As our story continued and I grew older, I got to know you in a different way. You were still always my grandmother, and became my friend. However unconventional it was for a grandmother and granddaughter to become real friends, we didn't care. We enjoyed each other's company. We could talk about anything and keep each other's secrets. We would have one of our little chats, as you named them, over lunch or on our way to the movies. You accepted me for who I was, and it was a rare day that we didn't talk on the phone or email. We gossiped, traded tips on which store had the best jeans or which actress had the best haircut. We danced together at family parties, toasted over glasses of wine, had spa day, and when we quarreled, which was rare, you would wait until I was done with my rant, look at me, pause for a second, smile and say, "You know, I really just love the way you did your eye makeup today my hon. You must show me how you did that." And at that moment all I could do was smile back, forgetting whatever I had been mad about, and tell you that I used brown pencil instead of just powder.
The latest chapter in our story started not long before you got sick and is the role that I know will continue to live on. Nursing school was especially stressful for me and I was living alone in New York for the majority of it. Whenever I had an exam or assignment that would stress me out I would tell you and you would say, "Well don't worry. I'm your guardian angel and will send lots of good vibes from Massachusetts while you're taking your test, so it will surely go well." It sounds crazy, but it always worked. If I was stuck on a particular question all I had to do was stop, take a deep breath and know you were thinking of me. You once wrote, "Hi my hon, tonight is the big exam. I got up especially early this morning to start sending you good vibes, so you will have nothing to worry about." I surely would never have made it through school without you. If it's okay, I'll still think of you as my guardian angel, only now you aren't so far from me.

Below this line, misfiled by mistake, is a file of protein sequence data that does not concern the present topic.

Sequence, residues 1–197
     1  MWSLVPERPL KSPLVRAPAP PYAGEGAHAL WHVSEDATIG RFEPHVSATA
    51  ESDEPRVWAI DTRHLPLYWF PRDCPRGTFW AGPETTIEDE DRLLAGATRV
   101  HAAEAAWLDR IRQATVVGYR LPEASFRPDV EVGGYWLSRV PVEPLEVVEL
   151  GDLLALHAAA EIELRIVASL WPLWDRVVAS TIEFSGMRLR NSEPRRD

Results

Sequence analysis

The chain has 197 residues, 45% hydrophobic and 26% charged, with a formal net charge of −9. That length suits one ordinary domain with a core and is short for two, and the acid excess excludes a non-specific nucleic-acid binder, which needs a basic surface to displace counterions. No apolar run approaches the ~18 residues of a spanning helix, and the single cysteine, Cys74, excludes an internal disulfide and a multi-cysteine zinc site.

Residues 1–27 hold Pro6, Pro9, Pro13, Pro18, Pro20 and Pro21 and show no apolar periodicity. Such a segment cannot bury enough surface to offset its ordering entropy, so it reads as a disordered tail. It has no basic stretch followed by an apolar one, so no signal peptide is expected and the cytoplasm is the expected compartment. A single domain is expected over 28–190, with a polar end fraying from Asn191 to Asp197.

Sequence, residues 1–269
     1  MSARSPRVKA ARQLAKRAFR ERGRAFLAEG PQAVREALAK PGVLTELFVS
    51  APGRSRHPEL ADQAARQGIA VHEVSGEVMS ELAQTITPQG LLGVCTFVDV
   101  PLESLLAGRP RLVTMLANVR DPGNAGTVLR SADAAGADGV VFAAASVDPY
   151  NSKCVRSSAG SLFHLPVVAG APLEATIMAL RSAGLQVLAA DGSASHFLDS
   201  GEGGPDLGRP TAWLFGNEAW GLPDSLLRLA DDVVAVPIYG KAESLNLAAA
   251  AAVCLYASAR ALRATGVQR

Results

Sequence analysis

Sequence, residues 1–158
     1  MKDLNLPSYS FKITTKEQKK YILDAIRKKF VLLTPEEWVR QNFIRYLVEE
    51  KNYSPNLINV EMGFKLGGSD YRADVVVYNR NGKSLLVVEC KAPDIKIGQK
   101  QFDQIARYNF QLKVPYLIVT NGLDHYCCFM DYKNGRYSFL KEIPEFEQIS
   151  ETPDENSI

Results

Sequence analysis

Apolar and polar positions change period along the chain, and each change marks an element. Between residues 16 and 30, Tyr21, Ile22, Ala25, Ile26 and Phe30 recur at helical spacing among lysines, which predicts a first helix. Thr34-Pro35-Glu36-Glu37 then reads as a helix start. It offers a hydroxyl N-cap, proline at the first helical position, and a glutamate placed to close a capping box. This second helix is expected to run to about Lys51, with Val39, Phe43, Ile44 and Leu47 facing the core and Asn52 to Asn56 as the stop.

And so my Nan, though my heart is broken knowing that our little chats over lunch and birthday celebrations will now exist only in my memory, I feel better thinking of you in a brighter place; that you are relaxed, comfortable, and free from pain and nausea. I know where ever you are, you have a big glass of white wine with ice cubes and are listening to Willie Nelson or Whitney Houston. Maybe you have just completed a long walk by the water and have noticed all the birds and fish along the way, or perhaps have just finished up 30 minutes on your rowing machine and are energized to start your day. Maybe you are seated at a table on the porch with Fafa at sunset and are catching up with your parents and brother on all the events they've missed since you last saw them. Or maybe you are even trading stories with Farrah Fawcett, someone you've felt connected to, who shares your beauty and your strength. Where ever you are, please know this. I think of you every day and keep you with me always. You are my grandmother, my friend, and my heart. I only hope that one day, I am fortunate enough to share with my granddaughter a love as special and true as ours.
My daughter takes my breath away. So does Marlene.